Medicine has potential for addiction
The Government may soon ban the controversial anti-anxiety drug Deanxit, a combination of two psycho-active agents being frequently prescribed by private doctors in India. A Government panel has pointed out the addictive potential of the drug as harmful side effects.
The technical panel of the Drug Controller General of India in its latest report to be discussed on May 5 has said that it (Deanxit) has potential for addiction (among users). The panel comprising medical experts also said that it has side effects such as drowsiness or dizziness, dry mouth, constipation, weakness or tiredness, excitement, anxiety or nightmares.
The finding will be reviewed by the Drugs Technical Advisory Board (DTAB), the highest decision-making body under the Union Health Ministry on technical matters related to health issues.
Sources said the panel without making any specific recommendations has pointed that the combination of flupentixol and melitracen produced by a firm Lucdbeck from Denmark is used widely by private sector for treating depression and anxiety.
Interestingly, the medical fraternity dealing with the psychiatric cases is divided over the health impacts of Deanxit which is banned in its country of origin, Denmark, but is being freely sold here.
What’s more, even though no mandatory clinical trial has been done on melitracen — one of its two ingredients- in India, it is touted as a “wonder drug” by the private psychiatrists who have been prescribing it at the drop of hat for treating anxiety cases.
However, doctors from Government hospitals do not recommend its usage. Dr Rajesh Sagar, Additional Professor of Psychiatry, AIIMS, says that he never ever prescribed the medicine to his patients. “In fact, in AIIMS no one is prescribing this drug as no proper trial has been done on it. Moreover, anti-psychotic drugs should not be given for anxiety symptoms.”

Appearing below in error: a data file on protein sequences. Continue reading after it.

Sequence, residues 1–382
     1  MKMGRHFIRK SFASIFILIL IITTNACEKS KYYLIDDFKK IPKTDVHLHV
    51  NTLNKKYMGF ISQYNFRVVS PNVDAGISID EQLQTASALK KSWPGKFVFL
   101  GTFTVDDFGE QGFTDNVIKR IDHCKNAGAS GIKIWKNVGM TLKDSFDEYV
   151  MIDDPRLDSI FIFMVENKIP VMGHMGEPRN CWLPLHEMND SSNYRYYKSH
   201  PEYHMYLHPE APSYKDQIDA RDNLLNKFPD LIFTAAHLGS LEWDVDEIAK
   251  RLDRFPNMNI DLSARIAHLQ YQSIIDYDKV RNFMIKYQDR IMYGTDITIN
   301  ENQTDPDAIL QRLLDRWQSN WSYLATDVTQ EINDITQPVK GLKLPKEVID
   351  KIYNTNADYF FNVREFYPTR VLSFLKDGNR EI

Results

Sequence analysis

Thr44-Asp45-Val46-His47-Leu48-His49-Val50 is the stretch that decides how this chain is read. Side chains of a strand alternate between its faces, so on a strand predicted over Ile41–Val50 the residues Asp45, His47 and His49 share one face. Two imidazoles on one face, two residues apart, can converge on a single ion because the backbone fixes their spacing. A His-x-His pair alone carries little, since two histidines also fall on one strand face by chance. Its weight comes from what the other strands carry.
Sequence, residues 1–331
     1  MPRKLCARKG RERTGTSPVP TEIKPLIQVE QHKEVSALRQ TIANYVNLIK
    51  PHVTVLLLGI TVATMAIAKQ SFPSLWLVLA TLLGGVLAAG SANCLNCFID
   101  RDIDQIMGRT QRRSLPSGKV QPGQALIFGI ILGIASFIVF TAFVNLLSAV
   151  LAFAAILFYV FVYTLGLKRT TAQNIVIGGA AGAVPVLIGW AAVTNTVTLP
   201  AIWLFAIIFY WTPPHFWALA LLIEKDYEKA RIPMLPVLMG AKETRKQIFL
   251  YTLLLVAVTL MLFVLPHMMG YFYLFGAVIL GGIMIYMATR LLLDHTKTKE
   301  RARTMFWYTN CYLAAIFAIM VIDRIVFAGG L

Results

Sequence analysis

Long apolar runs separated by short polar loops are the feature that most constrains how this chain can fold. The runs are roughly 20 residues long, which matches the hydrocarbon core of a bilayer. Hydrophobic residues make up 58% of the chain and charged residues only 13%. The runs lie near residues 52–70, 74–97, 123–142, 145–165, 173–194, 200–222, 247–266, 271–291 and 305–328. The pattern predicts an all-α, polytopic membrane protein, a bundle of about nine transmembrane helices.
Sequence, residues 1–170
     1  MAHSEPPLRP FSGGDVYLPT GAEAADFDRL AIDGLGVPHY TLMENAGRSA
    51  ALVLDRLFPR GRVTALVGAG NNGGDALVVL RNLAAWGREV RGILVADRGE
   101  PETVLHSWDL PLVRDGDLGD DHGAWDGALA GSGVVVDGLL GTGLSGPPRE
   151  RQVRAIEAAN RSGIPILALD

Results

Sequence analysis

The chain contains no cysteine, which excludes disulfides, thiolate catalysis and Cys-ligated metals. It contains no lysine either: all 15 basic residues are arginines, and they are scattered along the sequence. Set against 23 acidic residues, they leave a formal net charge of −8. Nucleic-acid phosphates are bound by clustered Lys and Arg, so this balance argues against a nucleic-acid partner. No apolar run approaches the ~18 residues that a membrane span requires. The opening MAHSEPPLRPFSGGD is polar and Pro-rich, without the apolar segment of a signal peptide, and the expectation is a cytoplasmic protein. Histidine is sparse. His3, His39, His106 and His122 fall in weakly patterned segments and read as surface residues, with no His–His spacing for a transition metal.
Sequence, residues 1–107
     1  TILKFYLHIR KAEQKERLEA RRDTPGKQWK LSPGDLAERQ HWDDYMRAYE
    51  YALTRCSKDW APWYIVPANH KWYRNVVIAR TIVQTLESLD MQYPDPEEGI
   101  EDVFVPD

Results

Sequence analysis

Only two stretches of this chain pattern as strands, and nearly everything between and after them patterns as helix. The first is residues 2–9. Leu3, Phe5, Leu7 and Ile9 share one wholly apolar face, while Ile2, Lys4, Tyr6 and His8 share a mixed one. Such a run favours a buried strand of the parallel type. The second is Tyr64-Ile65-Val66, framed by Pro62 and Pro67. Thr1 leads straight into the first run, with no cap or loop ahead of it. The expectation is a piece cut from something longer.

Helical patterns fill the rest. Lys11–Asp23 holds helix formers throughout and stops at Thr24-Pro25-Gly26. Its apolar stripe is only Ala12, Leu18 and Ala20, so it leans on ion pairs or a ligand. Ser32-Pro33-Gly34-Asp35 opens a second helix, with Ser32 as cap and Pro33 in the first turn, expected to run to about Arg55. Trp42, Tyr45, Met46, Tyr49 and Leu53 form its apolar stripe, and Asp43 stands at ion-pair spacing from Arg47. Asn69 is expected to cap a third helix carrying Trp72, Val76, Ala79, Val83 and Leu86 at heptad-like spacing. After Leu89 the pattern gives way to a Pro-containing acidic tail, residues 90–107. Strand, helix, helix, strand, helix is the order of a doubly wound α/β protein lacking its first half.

He was of the view that the drug is being aggressively marketed by the company among non-psychiatric doctors who are prescribing it at the cost of health of the patients.
The medicine has no presence in Government-run hospitals such as GB Pant Hospital and Institute for Human Behaviour and Allied Science (IHBAS) in Delhi, known for best psychiatric treatment in the country.
Dr Deepak Kumar (Psychiatric) from IHBAS said the drug is banned in many nations due to its health hazards. “There are no clinical trials in India. Moreover, one of the two ingredients, melitracen is not approved yet in the country. The drug is freely available in India, even though the fixed-dose combination has been banned in advanced countries due to health hazards. It’s strange why it’s still being sold in the country.”
Dr Chandra Gulati, editor of MIMS India, a drug Journal, too maintained, “Interestingly, melitracen is not approved in India. So how can you approve a combination of which one of the ingredients is not approved?”
“Also, this drug is made in Denmark. However, it is not approved for use in Denmark itself. According to rule 30B in the Drugs Act, any drug not approved in the country of origin cannot be used in India. Moreover, its sale is prohibited in the UK, US, Australia, Canada and Japan. Then how come it is beneficial for the patients in India,” he argued.
Gulati said that the drug is being aggressively promoted for a wide range of known and unknown disorders such as psychogenic depression, depressive neuroses, masked depression, menopausal depression, dysphoria in alcoholics and drug addicts.
The DGCI should have banned it long ago but for unknown reasons, it has cleared the combination drugs without mandatory clinical trials in India, he added.
May 08, 2011 9:47:20 PM
Archana Jyoti | New Delhi
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